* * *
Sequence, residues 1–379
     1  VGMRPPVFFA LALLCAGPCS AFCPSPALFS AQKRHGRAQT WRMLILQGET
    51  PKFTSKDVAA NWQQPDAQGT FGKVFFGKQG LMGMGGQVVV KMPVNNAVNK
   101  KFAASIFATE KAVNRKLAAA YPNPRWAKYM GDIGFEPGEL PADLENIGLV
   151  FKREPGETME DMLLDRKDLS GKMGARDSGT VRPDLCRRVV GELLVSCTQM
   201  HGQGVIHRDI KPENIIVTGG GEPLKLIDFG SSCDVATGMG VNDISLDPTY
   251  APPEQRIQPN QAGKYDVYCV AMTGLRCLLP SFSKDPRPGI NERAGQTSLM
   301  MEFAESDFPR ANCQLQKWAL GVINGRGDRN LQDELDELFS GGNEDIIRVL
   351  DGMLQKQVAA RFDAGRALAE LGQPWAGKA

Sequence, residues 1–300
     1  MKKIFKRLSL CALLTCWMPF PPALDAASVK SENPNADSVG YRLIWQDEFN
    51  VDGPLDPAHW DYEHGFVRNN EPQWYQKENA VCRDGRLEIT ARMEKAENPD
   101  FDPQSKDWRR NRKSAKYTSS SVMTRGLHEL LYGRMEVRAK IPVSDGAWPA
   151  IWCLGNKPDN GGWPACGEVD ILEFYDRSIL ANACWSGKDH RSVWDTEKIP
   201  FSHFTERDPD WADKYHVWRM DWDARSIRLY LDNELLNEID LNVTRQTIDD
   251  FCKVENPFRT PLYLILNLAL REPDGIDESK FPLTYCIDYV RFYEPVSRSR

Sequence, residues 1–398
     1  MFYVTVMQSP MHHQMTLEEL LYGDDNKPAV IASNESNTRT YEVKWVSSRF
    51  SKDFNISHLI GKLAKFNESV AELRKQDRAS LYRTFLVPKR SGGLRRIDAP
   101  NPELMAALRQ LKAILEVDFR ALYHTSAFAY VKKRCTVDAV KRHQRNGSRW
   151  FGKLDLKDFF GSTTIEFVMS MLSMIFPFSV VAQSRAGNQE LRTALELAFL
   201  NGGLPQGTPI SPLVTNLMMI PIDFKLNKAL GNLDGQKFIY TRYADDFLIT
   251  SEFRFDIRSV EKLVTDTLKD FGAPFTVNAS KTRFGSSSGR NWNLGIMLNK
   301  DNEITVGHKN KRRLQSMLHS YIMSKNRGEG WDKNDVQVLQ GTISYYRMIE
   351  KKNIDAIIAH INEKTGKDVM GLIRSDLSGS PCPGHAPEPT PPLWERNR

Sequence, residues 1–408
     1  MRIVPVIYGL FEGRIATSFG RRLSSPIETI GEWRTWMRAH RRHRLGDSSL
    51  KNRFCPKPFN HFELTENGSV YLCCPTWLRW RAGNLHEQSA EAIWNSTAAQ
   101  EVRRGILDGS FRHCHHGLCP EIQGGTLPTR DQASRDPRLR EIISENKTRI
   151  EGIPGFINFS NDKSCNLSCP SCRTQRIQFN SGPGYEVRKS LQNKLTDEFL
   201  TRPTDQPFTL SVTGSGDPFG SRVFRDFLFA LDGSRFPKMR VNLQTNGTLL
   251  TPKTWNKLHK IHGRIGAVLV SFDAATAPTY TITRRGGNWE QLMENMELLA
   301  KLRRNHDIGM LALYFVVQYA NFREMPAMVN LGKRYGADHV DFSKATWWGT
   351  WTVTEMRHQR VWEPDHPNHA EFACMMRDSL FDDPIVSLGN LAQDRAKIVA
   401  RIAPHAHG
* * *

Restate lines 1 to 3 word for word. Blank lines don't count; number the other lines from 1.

Sequence, residues 1–379
     1  VGMRPPVFFA LALLCAGPCS AFCPSPALFS AQKRHGRAQT WRMLILQGET
    51  PKFTSKDVAA NWQQPDAQGT FGKVFFGKQG LMGMGGQVVV KMPVNNAVNK